Breakfast is definitely my favorite meal of the day, and I am more than happy to eat things typically considered to be breakfast foods any time (although I should note that this is also true of most any leftover from any meal – lunch, dinner or dessert – that happens to be in my fridge when I’m hungry). As a result, breakfast-centric cookbooks actually get a lot of use in my house. They’re great go-to books, with sweet and savory dishes, many of which are easy to make and a great fit for any time of day. The Big Book of Breakfast certainly sounds like a book that is a good fit for those who love breakfasty foods. And it is.
The book has recipes in just about every breakfast category there is, from breakfast beverages and eggs to waffles, cereals and potatoes. It is fairly specific in its breakdown of the categories. For instance, [basic] eggs are a separate section from omelettes, which are separate from quiches and fritattas. While everything could have been crammed into one chapter, this organization allows each subject to be explored apart from similar dishes. Every section starts with a brief introduction to that type of dish, and is generously laced with tips and tricks that might help you troubleshoot any problems within that category.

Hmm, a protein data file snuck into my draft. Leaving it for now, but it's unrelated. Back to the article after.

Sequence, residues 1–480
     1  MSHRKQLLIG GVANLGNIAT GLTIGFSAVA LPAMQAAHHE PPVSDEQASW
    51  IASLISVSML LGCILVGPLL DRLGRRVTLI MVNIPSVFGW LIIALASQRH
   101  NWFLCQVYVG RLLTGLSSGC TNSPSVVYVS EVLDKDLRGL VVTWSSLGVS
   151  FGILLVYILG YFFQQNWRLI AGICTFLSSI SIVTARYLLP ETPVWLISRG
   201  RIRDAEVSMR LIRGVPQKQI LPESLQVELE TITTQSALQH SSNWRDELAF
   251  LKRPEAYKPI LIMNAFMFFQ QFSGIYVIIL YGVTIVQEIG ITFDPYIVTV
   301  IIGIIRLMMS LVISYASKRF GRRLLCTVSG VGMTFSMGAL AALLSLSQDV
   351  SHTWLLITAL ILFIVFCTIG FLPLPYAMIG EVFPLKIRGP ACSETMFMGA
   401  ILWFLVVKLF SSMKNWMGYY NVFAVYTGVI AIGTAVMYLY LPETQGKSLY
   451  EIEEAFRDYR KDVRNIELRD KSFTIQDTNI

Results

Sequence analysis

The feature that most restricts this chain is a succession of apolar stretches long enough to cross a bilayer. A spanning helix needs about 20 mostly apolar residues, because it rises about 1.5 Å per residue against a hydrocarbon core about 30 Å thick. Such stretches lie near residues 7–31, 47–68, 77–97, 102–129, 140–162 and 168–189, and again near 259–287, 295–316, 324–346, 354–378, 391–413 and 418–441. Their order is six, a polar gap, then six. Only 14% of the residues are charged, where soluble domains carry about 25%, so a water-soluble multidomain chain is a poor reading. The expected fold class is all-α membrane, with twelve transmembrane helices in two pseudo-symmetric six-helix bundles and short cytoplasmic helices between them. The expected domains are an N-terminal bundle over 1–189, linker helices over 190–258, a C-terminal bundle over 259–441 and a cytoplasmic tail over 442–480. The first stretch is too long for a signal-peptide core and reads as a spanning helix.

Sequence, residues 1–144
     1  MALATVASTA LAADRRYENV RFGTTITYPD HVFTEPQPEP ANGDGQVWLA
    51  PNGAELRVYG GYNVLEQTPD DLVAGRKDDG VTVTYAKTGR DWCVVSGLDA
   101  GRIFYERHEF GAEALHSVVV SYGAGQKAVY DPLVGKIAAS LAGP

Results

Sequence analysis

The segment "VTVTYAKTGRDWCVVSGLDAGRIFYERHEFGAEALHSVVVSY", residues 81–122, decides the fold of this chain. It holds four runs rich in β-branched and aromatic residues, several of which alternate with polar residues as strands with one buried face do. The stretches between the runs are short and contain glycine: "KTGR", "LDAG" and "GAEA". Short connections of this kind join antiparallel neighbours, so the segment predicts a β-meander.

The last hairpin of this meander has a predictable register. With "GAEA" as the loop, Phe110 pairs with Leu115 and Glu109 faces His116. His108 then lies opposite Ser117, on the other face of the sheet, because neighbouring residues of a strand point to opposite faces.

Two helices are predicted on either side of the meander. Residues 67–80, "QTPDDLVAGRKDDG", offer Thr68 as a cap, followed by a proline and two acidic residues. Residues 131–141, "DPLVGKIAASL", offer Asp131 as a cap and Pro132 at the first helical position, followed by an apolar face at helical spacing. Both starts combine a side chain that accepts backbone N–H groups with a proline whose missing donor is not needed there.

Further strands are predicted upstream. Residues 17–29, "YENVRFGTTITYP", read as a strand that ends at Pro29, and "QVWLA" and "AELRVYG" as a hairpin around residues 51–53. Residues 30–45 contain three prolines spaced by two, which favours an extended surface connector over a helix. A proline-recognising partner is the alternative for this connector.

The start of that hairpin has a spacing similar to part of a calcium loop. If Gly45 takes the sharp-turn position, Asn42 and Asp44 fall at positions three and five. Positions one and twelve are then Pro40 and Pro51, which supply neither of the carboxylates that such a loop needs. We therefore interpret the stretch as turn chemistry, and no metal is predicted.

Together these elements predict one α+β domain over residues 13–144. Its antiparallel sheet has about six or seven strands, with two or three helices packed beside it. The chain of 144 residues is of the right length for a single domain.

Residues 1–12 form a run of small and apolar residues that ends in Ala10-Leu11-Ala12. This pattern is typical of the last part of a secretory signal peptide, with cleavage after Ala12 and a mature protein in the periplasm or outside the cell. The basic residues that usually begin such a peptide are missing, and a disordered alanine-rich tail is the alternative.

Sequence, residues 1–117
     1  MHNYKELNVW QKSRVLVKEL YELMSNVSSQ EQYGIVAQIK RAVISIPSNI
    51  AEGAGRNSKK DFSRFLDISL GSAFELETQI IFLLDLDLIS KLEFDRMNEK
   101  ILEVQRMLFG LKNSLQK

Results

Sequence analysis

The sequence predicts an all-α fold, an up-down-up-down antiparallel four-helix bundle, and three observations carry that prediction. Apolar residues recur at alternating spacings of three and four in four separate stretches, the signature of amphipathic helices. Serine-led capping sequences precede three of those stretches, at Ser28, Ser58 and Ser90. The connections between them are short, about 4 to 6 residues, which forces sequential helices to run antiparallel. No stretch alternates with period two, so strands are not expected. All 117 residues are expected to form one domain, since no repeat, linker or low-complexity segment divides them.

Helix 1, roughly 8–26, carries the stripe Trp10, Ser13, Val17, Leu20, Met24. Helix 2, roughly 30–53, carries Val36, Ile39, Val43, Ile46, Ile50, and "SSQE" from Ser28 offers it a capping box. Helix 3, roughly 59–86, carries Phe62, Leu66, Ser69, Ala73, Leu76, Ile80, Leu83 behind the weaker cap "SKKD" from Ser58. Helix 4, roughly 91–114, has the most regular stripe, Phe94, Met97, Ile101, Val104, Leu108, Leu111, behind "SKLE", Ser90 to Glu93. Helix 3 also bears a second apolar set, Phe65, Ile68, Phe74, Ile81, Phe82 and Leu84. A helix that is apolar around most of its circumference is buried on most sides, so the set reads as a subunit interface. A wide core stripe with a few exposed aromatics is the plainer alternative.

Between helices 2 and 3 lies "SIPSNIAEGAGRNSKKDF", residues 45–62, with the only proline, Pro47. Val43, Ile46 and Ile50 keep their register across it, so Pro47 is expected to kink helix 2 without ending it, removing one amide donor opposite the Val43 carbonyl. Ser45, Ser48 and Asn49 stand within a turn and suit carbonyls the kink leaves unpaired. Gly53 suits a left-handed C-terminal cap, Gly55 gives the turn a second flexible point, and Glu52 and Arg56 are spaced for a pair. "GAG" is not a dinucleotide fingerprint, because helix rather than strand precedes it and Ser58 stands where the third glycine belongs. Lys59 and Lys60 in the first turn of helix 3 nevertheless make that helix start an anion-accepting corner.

The recipes are clearly written and easy to follow. Most are uncomplicated (or, at the very least, seem that way), so the book is never intimidating and is easy to pick up even before you’ve had your coffee. Where applicable, suggestions for variations are given, but from the way that the recipes are laid out in the book, coming up with your own ideas (fillings for omelettes, for instance) is almost inevitable. The only real minus here is the lack of pictures in the book. Fortunately, since breakfast foods are so well known, picturing the dishes isn’t too much of a problem and even picture-lovers will be a bit more forgiving of this fact than for books that specialize in more complex or unusual dishes.